Today
Mon 29 November 2021

James Doleman reports on defamation proceedings against the founder of the English Defence League

Sometimes the important question isn’t what’s there – it’s what isn’t.

Just under two years ago, English Defence League founder ‘Tommy Robinson’ attracted a crowd of two or three thousand to London’s Old Bailey, as Katie Hopkins sat in the press gallery tweeting her support (although just for one morning).

Tommy Robinson with Katy Hopkins as he arrived for his sentencing at the Old Bailey in London in 2019.

Today, appearing under his real name Stephen Yaxley-Lennon, the right-wing firebrand faced another trial, but in this instance a civil case at the Royal Courts of Justice accusing him of defamation.

There were four supporters outside, who appeared to be mostly filming each other, although one took the time to shout “fake news,” to someone they thought was a reporter, they weren’t.

The issue at trial is very simple, and the judge only has to decide one question.


In late 2018 a video of a 15-year Syrian refugee child, Jamal Hijaza, apparently being “waterboarded” by a schoolmate, took off on social media. Many national newspapers and TV news took up the story.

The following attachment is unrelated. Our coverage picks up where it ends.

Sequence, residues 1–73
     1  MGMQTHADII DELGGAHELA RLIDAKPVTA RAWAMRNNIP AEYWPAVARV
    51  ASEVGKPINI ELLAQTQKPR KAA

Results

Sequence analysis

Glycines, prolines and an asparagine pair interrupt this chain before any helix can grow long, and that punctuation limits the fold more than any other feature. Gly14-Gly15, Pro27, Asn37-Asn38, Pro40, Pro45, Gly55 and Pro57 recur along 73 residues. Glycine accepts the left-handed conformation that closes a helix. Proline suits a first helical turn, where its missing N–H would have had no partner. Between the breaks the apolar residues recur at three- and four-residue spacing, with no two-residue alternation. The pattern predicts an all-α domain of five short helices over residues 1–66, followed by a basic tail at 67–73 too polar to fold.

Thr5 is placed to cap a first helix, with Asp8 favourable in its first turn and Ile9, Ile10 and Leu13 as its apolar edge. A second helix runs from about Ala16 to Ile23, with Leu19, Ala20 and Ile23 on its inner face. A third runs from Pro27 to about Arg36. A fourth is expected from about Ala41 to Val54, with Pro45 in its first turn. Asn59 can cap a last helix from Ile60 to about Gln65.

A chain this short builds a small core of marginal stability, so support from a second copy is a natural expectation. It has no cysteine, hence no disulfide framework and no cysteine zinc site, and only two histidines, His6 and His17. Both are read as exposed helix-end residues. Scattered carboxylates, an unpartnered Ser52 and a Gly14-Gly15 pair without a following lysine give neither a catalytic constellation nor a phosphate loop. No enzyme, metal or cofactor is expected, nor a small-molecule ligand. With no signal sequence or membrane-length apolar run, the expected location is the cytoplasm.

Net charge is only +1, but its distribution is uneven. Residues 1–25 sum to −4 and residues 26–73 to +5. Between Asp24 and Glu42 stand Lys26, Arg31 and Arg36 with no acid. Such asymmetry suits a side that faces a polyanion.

On his then Facebook page Yaxley-Lennon published a number of videos about the incident, stating that the attack was a response to Jamal’s actions, including biting and spitting at a schoolmate, and threatening another with a knife.

Jamal’s lawyers say this video led to death threats online, and the refugee family were forced to flee again, this time from Huddersfield.

Yaxley-Lennon has offered only one defence, that of truth (veritas) which means, as Mr Justice Nicklin made clear, the burden of proving the case fell to Mr Robinson, who has dispensed with counsel and is representing himself.

On the first day conducting his own defence, Yaxley-Lennon cross-examined Jamal and his father. He was notably restrained and many of his questions were ruled inadmissible by the presiding judge. These inadmissible questions included asking a witness what they thought another person was thinking and what did they believe occurred at a meeting they were not at. Such questions of hearsay and speculation are generally not allowed in English courts.

On Thursday Yaxley-Lennon will make his opening statement and the trial continues

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